One name that stood out among those of the panelists at the conference, “Ukraine torn between Russia and the West”, was Lilia Shevtsova’s. She is the director of the Russian Domestic Politics and Political Institutions Program at the Carnegie Moscow Center and an acclaimed “Kremlinologist”. Her assertions, which included praise for Putin’s presidency, ignited a vibrant debate among the audience and the other speakers on the panel.
Shevtsova stated that Ukraine was first and foremost a “testing ground, an experimental laboratory” for the Russian government, in order “to testify the doctrine of survival of the Kremlin”. This new doctrine has its foundations in the principle that Dr Shevtsova summarized in her own words as “The strongest nation has the right to break the rules of the game and the West must comply with it”. And this because the West, on the other hand, is mired down in a state of deep stagnation and powerlessness. The European Union’s slow reaction to the events in Ukraine maked Europe look like, as Shevtsova put it, “a retirement home”.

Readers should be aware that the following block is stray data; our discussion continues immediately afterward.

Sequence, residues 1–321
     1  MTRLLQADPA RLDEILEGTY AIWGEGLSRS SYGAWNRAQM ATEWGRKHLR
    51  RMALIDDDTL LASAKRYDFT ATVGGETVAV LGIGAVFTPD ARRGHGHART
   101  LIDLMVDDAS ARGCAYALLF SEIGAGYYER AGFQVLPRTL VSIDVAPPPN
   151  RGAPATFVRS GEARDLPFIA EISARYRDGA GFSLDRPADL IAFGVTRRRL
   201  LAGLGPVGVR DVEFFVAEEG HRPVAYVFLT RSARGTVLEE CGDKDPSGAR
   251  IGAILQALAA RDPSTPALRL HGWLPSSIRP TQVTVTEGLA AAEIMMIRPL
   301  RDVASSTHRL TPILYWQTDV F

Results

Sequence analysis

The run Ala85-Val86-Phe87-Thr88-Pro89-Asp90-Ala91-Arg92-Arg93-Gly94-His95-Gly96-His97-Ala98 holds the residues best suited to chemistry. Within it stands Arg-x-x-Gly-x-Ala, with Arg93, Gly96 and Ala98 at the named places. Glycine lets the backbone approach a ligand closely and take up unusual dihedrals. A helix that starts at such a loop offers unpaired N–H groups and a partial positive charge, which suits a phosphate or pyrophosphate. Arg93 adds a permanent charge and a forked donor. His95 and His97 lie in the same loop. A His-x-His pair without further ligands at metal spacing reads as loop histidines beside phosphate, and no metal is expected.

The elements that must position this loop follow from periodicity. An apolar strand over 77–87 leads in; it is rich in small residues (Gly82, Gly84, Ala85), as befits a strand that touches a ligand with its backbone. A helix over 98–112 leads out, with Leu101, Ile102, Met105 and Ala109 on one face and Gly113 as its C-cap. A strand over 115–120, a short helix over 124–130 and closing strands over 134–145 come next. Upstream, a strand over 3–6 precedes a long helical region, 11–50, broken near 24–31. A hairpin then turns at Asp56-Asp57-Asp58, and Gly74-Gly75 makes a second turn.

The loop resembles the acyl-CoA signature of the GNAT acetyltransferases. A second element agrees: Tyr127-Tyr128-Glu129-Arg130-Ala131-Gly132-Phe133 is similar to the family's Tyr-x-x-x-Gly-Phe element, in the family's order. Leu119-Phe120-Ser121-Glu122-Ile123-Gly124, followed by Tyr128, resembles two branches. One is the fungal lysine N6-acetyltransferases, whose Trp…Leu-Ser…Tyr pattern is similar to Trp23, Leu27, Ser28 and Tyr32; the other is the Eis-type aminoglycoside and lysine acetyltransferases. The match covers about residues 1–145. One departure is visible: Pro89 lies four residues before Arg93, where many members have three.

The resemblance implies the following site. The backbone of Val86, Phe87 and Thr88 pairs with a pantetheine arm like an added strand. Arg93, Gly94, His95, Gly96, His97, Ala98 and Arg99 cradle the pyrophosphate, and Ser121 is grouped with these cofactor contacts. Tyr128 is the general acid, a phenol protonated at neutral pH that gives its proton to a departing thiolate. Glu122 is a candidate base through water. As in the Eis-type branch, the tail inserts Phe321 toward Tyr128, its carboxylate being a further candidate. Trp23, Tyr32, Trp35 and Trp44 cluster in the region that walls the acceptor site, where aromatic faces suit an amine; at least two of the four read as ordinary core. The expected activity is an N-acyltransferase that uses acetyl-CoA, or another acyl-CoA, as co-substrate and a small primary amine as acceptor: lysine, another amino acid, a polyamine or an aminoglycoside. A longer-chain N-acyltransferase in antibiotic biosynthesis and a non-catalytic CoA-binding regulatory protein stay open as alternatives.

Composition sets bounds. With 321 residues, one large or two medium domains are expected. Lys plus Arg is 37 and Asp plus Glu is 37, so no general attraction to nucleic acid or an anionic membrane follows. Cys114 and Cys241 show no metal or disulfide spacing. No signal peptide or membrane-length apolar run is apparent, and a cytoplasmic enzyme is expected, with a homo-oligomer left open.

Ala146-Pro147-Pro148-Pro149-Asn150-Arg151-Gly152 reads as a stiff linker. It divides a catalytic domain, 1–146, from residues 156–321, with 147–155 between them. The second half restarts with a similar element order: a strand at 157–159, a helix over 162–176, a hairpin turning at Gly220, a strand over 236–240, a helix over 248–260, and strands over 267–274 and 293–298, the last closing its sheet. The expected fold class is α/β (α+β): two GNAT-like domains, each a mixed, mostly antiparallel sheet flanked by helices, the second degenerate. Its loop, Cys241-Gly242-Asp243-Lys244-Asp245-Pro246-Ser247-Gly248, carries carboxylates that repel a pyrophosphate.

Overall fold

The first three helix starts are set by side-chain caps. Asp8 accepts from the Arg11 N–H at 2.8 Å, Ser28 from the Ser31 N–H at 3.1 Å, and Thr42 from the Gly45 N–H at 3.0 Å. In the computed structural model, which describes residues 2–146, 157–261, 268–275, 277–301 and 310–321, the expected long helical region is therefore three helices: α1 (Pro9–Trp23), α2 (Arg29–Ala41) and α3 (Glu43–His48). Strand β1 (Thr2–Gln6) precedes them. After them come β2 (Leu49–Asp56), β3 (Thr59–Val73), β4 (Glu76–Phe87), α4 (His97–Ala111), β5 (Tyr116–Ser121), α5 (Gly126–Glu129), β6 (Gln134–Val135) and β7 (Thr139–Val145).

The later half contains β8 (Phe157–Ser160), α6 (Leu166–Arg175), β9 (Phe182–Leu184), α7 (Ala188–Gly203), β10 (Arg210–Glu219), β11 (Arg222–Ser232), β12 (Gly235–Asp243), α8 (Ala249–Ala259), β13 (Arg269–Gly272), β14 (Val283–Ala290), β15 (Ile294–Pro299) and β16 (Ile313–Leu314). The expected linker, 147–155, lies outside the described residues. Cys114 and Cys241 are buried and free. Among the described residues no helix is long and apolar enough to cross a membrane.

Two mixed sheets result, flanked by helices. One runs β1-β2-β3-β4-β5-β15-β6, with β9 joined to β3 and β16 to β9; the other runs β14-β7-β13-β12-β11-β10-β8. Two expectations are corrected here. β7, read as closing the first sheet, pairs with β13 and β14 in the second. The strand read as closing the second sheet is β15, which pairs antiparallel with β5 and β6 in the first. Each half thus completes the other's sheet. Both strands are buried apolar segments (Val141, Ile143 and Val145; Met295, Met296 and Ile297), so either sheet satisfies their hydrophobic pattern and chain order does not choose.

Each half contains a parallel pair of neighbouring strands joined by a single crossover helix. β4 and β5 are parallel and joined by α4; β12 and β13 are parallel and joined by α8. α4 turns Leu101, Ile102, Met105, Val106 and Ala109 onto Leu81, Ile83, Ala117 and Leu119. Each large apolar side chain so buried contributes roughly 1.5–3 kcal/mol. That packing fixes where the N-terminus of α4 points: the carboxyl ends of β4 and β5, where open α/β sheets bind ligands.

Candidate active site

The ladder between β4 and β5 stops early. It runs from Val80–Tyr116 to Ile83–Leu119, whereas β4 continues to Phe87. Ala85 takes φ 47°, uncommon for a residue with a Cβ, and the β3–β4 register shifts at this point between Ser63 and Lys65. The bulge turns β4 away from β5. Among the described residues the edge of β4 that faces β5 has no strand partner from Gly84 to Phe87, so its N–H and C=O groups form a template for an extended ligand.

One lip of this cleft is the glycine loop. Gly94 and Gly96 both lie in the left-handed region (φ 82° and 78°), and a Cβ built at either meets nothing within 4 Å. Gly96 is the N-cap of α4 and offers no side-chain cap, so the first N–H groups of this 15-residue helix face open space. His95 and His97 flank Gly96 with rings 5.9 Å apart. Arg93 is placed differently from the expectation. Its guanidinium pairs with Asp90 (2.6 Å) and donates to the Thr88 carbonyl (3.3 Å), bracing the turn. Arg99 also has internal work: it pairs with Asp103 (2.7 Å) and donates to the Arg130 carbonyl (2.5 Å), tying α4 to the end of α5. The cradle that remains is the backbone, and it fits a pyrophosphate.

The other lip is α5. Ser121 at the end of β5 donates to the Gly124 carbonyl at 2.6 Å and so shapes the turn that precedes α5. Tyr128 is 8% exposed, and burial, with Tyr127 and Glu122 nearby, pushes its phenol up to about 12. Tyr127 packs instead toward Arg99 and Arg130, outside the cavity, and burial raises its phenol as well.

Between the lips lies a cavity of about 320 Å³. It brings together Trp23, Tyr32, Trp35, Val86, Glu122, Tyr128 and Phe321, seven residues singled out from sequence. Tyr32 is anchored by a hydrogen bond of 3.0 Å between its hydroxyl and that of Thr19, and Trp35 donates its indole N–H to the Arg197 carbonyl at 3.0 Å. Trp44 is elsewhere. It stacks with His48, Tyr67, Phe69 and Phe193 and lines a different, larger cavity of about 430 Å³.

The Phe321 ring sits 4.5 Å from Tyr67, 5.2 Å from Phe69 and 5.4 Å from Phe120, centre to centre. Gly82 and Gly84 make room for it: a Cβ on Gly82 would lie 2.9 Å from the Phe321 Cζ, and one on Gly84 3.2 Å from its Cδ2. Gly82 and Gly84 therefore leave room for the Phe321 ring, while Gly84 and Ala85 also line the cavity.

Another speaker on the panel supported the views expressed by Shevtsova. Kadri Liik, member of the European Council on Foreign Relations, stated that the metaphor of the Ukraine being a bridge between Russia and the European Union is a mere cliché. “Ukraine has not facilitated dialogue between Russia and Europe”. Liik finished her presentation with a fundamental question: “Can Europe be a model for the future?”. According to Nona Mikhelidze, another speaker on the panel and research fellow at the IAI, it is possible. Europe, however, needs to reformulate its strategy in order to facilitate possible negotiations with the Kremlin, instead of looking at Russia through a distorted Westernized lens.